Tuesday, July 20, 2010

Resident Workload Debate Unveils Bigger Picture

By Mike Martin for the AAMC Reporter
A 25-year debate over resident workloads continues to stir the medical community, as the Accreditation Council for Graduate Medical Education (ACGME) considers new standards stimulated by 2008 Institute of Medicine (IOM) recommendations.
The IOM recommendations, which include shift limitations, guaranteed sleep periods, and stricter moonlighting guidelines, have some medical professionals welcoming new ways to reduce medical errors and fatigue. At the same time, others, such as Kevin Simpson, M.D., who directs the internal medicine residency program at the Loyola University Stritch School of Medicine in Chicago, see further reductions in resident training time as unnecessary and possibly costly for hospitals covering the same patient loads with fewer available resident hours. Resident fatigue issues were at the heart of a set of 2003 ACGME standards limiting residents to 80 duty hours per week.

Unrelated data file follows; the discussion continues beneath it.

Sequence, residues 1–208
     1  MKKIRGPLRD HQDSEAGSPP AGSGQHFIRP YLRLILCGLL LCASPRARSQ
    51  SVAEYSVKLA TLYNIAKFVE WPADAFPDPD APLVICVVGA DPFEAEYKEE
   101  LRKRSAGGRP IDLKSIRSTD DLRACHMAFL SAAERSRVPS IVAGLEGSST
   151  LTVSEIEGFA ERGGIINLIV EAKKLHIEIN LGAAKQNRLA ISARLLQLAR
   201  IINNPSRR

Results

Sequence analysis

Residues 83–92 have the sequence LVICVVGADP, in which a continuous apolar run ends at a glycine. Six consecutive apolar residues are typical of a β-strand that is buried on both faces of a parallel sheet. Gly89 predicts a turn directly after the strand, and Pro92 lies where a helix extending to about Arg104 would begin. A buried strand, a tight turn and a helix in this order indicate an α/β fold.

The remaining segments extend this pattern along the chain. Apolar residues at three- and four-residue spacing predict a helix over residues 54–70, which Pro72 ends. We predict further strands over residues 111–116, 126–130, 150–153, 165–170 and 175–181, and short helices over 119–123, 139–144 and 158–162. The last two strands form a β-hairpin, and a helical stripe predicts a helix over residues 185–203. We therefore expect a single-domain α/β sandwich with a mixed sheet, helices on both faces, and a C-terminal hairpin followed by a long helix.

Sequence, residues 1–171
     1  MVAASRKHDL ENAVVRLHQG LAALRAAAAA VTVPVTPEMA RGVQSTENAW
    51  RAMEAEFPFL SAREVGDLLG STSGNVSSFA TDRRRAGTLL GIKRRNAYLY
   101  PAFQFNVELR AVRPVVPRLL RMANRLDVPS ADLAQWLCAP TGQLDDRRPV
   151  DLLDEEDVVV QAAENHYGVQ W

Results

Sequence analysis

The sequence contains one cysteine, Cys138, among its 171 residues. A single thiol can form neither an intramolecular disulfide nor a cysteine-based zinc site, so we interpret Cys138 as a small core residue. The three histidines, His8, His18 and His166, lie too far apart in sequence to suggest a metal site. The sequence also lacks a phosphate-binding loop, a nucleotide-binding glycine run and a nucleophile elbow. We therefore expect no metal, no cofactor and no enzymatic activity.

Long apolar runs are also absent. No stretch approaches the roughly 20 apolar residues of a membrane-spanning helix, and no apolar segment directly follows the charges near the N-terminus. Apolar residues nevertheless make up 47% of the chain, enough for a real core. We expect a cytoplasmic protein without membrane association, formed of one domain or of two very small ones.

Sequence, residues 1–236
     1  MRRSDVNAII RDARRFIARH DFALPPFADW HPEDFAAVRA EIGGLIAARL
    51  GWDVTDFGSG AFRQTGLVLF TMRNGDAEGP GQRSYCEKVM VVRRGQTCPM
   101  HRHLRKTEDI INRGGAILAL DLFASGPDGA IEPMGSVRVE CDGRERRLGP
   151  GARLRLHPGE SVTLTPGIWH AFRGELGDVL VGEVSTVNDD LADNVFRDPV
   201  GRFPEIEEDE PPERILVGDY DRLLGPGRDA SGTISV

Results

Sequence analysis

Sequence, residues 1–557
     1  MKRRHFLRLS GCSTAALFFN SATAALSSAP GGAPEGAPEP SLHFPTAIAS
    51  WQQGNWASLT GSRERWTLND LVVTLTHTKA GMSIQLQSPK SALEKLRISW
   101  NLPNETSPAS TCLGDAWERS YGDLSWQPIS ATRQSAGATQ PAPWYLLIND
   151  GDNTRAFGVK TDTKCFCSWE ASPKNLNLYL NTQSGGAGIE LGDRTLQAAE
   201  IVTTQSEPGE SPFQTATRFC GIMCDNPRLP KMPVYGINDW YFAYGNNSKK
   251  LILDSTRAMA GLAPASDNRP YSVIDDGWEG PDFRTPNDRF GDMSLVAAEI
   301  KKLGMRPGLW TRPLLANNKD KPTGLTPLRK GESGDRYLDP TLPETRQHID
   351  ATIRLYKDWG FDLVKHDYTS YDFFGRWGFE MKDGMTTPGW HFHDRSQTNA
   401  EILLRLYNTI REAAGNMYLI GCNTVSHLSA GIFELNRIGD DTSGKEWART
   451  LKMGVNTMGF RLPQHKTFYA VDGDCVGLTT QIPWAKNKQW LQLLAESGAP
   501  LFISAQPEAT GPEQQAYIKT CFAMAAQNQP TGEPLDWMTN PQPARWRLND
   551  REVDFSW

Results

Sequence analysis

"The IOM report is excellent, but I disagree with the emphasis on further reducing hours," Simpson said. "Going from unlimited hours to 80 hours a week was great, but there's no need to go any further."
In a 2009 letter to the ACGME, the AAMC noted that improving how fatigue (and the residents themselves) are managed—as opposed to duty-hour limits or scheduling—is now the central issue. "We believe resident supervision and attention to patient handovers are critical but under-emphasized components of this debate," said AAMC health care affairs director Sunny Yoder. "A third important issue is resident fatigue—whatever its sources. We support the development of measures of 'fitness for duty' that could be used generally in the 24/7 health care environment." 

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